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The Hottest ETF Sectors for Investors to Bet On in 2022

Many investors are bracing for a more-volatile stock market this year as interest rates, inflation, the pandemic, geopolitical tensions, oil and supply-chain bottlenecks continue to cause uncertainty.

But those challenges also could give rise to opportunities in exchange-traded funds focused on specific sectors, some financial pros say.

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Many investors are bracing for a more-volatile stock market this year as interest rates, inflation, the pandemic, geopolitical tensions, oil and supply-chain bottlenecks continue to cause uncertainty.

But those challenges also could give rise to opportunities in exchange-traded funds focused on specific sectors, some financial pros say.

More than $100 billion flowed into equity sector ETFs in 2021, up from $70 billion in 2020, according to data from Morningstar Inc. There are now 494 such funds with a combined $806 billion in assets, up from 370 equity sector ETFs with combined assets of $346 billion in 2016.

“One of the big investment consequences of the pandemic is that people are looking for more targeted exposures, either within sectors or across sectors,” says

Jay Jacobs,
senior vice president and head of research and strategy at Global X ETFs.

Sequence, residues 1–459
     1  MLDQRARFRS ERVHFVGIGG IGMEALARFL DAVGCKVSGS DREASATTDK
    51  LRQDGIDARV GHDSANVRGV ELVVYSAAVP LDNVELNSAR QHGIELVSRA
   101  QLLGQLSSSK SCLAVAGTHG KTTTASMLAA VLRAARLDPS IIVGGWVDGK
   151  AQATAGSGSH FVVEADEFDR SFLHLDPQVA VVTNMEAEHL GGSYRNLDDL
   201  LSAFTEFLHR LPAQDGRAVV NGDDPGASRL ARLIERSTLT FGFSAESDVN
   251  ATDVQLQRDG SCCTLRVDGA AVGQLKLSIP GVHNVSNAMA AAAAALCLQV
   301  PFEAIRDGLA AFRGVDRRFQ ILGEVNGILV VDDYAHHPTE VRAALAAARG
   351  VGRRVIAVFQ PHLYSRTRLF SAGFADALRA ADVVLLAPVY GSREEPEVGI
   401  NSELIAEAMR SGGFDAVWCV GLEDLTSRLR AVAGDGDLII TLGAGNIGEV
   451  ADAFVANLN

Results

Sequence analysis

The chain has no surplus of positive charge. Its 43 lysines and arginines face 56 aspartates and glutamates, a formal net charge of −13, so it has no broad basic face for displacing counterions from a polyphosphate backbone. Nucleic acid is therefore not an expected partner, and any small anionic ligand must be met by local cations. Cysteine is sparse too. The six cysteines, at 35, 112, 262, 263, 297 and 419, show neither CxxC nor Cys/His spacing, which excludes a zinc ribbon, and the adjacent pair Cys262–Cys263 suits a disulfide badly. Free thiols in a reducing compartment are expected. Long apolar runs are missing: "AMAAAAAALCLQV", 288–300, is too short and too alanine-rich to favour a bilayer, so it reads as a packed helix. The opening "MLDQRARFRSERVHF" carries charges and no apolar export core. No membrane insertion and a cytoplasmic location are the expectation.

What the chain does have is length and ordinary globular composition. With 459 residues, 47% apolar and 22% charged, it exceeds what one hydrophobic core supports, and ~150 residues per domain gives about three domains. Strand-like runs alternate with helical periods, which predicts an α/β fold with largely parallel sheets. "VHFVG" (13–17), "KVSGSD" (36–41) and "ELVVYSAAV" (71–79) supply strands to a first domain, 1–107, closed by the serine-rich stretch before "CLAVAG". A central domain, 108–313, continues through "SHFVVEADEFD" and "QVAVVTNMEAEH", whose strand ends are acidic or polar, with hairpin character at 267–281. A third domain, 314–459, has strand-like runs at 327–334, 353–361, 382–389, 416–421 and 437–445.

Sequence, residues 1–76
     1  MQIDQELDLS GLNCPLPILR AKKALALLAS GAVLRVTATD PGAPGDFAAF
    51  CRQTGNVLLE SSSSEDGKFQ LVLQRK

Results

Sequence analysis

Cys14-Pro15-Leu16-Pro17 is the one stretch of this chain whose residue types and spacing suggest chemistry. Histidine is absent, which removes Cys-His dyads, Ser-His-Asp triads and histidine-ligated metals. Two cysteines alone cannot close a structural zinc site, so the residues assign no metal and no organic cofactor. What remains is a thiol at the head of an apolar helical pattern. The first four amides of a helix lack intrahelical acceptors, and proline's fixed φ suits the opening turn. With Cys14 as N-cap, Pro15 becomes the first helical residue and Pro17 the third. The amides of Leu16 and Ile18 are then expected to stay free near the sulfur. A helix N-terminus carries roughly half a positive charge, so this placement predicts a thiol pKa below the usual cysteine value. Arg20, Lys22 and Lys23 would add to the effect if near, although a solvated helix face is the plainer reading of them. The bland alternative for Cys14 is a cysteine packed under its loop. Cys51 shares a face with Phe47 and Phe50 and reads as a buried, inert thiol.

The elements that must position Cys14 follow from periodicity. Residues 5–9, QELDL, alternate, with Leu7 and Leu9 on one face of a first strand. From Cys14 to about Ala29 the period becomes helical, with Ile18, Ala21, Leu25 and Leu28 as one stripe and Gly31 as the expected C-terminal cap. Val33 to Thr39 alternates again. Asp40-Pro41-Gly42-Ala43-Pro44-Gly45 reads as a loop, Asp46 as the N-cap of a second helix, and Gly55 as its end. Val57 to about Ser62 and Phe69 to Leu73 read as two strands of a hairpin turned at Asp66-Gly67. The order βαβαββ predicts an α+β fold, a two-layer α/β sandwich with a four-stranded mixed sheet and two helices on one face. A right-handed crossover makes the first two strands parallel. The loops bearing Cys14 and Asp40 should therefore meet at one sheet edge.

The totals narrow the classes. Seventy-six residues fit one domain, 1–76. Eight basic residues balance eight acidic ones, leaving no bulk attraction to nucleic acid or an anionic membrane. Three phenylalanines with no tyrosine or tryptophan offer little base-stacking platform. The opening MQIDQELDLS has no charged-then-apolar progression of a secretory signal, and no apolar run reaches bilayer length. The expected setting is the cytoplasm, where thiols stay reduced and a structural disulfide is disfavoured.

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When evaluating sector ETFs, “investors should look at a fund’s top 10 holdings to determine its purity within a sector or theme, and its expense ratio to determine its cost,” says

Jeff Spiegel,
U.S. head of
BlackRock‘s
iShares Megatrend, International and Sector ETFs. Investors also should look for funds that focus on companies with “higher-quality, high-yielding equities since there are so many risks swirling about in the marketplace,” says

Sam Stovall,
chief investment strategist at research firm CFRA.

So which sectors are most likely to benefit from the confluence of factors shaking up the economy?

Here are four sectors that research analysts predict will be hot and that have high earnings-per-share growth forecasts for 2022, according to consensus estimates from S&P Global Market Intelligence.

A Hartland, Mich., theater in October 2020.
Photo: Emily Elconin/Bloomberg News

1. Movies and entertainment

This industry has one of the highest growth expectations for 2022, with analysts expecting per-share earnings to rise 57.5% from last year, according to S&P Global data as of Dec. 31. The industry hit a low point in the U.S. in 2020 with the closing of movie theaters amid the pandemic and lockdowns. But box-office revenue is poised to recover, according to PricewaterhouseCoopers, which is predicting a 37.3% compound annual growth rate for revenue through 2025.